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Six weeks after Australia’s mandatory data breach notification regime came into full force, 63 breaches have already been reported, compared with 114 data breaches voluntarily disclosed in 2017.
The discrepancy reveals the extent of under reporting under the voluntary arrangements.
The Office of the Australian Information Commissioner (OAIC) revealed these numbers in its first-quarter report, which also singled out sectors that reported the most data breaches.
These include healthcare (24% of notifications), legal, accounting and management services (16%), finance (13%), private education (10%), and charities (6%).
Garrett O’Hara, principal technical consultant at Mimecast, said it was not surprising that health service providers accounted for almost a quarter of reported breaches, with health information involved in a third of breaches.
“One of the issues with the health sector is the reliance on legacy systems. During the WannaCry ransomware attack last year, the prevalence of older unpatched Window systems left organisations vulnerable to attacks,” he said.
O’Hara warned that with breaches becoming the norm, all organisations, regardless of size or sector, should have a cyber resilience strategy that includes patch management, application whitelisting, cloud e-mail protection, and importantly, cyber security awareness training.
“Without a cyber resilience strategy, organisations risk exposing sensitive data and substantial fines – and no organisation wants that,” he said.
Human error to blame
According to the report, about half (51%) of all breaches arose because of human error.
The OAIC’s acting information commissioner and acting privacy commissioner, Angelene Falk, said human error was also the most commonly identified problem among last year’s voluntary disclosures.
Jason Edelstein, chief technology officer at Sense of Security, an Australia-based information security and risk management consultancy, said it was worrying that so many breaches occurred because someone might have sent a document containing personal information to the wrong person.
“The problem is that we’re sending contact information and financial details to these people. If they are malicious, an attacker could use this information to conduct social engineering activity, which can have dire consequences.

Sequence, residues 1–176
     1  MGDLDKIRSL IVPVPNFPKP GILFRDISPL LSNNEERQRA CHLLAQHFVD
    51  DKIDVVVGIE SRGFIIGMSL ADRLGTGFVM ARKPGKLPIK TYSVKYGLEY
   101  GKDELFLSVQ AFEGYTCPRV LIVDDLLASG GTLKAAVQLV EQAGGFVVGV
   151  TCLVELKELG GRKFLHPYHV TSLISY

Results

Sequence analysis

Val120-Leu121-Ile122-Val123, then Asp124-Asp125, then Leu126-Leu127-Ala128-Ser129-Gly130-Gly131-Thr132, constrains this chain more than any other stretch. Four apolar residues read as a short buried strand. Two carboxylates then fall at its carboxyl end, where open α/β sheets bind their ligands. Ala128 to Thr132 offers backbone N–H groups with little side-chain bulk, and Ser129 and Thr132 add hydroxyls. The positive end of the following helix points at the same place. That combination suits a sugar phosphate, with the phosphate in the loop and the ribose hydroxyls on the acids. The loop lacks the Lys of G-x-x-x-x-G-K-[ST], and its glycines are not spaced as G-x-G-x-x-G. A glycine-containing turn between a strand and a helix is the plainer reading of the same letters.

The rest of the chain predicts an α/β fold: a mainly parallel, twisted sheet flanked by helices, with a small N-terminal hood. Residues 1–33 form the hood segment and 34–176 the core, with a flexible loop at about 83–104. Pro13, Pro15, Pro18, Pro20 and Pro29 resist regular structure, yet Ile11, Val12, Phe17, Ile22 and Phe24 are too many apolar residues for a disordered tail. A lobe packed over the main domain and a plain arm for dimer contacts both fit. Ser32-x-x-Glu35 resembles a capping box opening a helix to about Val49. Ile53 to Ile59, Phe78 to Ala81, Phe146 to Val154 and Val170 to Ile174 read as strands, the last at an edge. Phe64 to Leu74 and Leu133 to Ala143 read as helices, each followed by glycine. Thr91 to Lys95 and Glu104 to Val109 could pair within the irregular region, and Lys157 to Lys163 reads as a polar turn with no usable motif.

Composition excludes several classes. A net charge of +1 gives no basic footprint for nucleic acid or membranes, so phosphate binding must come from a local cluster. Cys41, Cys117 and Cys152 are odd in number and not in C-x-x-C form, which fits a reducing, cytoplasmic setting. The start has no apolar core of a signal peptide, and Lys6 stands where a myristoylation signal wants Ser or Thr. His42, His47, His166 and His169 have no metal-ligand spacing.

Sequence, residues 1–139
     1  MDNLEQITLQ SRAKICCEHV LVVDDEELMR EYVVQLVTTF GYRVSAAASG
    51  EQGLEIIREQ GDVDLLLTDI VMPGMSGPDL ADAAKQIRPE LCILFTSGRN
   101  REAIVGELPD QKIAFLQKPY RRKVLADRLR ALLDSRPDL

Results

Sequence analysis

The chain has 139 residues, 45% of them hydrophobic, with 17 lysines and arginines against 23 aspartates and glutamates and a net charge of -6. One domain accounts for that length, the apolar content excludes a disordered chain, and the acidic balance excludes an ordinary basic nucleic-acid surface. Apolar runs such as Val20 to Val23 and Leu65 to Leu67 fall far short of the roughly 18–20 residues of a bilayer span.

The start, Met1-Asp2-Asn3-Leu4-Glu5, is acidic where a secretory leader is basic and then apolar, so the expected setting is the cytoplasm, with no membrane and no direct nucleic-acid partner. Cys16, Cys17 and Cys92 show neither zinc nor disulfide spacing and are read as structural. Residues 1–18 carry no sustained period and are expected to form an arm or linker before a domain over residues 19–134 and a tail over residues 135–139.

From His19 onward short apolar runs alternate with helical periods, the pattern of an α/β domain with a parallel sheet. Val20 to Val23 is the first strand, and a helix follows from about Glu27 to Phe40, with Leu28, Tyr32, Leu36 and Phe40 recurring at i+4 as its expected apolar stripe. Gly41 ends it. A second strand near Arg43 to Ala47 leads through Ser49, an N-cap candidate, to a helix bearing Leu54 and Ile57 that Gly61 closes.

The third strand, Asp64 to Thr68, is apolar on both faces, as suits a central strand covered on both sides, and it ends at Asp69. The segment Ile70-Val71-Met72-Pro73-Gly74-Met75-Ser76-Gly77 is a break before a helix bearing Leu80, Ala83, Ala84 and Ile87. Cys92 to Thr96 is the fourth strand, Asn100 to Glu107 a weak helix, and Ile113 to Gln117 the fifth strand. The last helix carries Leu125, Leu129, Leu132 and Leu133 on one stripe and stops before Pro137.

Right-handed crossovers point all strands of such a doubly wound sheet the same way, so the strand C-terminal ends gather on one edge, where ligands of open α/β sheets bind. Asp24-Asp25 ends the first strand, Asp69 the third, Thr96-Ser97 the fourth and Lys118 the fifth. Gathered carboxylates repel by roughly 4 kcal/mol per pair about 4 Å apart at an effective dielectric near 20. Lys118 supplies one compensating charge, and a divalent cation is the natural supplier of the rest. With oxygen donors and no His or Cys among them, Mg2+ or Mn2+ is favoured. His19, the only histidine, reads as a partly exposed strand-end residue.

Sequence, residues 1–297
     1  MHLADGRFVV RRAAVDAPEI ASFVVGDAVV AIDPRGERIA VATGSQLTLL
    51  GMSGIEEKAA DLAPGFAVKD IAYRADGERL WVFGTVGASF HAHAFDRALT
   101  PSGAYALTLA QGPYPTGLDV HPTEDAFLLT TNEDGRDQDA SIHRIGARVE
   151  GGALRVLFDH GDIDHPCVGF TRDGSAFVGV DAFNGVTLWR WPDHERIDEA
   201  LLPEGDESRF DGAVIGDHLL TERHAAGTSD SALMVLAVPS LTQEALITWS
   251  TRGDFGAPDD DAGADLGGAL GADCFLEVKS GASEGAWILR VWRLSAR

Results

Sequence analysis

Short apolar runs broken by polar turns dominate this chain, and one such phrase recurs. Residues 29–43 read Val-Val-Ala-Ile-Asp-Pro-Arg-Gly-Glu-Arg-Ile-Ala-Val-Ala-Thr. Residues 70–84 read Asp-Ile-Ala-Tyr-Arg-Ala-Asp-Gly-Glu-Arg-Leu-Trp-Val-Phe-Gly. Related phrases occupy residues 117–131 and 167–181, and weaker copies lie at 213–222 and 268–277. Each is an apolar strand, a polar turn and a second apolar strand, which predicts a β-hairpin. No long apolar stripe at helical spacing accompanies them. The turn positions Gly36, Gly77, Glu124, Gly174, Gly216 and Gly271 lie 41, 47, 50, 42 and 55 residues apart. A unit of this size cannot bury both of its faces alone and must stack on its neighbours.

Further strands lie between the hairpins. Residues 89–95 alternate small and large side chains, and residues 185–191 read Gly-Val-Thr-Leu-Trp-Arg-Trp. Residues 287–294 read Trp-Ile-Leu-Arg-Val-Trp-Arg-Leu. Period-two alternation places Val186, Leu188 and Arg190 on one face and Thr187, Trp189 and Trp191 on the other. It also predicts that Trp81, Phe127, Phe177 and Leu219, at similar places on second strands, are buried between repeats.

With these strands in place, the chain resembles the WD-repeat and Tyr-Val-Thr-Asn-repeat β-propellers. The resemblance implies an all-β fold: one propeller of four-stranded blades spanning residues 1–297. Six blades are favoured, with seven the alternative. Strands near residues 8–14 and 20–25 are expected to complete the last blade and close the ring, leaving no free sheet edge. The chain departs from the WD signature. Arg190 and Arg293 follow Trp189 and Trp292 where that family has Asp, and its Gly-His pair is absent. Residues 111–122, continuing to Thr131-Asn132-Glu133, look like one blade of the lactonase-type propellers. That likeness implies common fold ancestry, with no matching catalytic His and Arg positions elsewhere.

“These errors should not be happening and we need to have better processes and policies in place to prevent this leakage of personal information. This requires us to educate employees on the cyber security risks and their responsibilities in handling data.”
Read more about cyber security in Australia
- Australia’s Cyber Security Strategy, aimed at protecting citizens, companies and critical infrastructure, has made significant headway over the past year, but the jury is still out on its long-term impact.
- The Australian Broadcasting Corporation is the latest organisation to fall prey to misconfigured Amazon S3 storage buckets, exposing database backups and sensitive data such as login credentials.
- Amid growing cyber threats, Australia’s cyber security centre calls for businesses to be more open about cyber incidents and plug potential loopholes in their supply chains.
- Unsanctioned cloud apps continue to be major bugbear among security chiefs in Australia, a Symantec survey has found.
While most breaches were accidental, a good proportion (44%) was described as malicious.
A recently released report based on a global survey of hackers in 13 countries, including some based in Australia, revealed just how quickly malicious actors can spirit data away.
In its second Black report, security software provider Nuix revealed that 40% of hackers could exfiltrate data in less than an hour, and an additional 33% could do so within five hours.
Report author and Nuix executive Chris Pogue, who this week presented at Sydney’s ACSC (Australian Cyber Security Centre) conference said: “Most organisations invest heavily in perimeter defences such as firewalls and antivirus, and these are mandatory in many compliance regimes, but most of the hackers we surveyed found these countermeasures trivially easy to bypass.
“If hackers can steal your data within a day, but you only find out it happened months later, you’re well on the way to becoming the next big news story,” he added.
Additional reporting by Aaron Tan.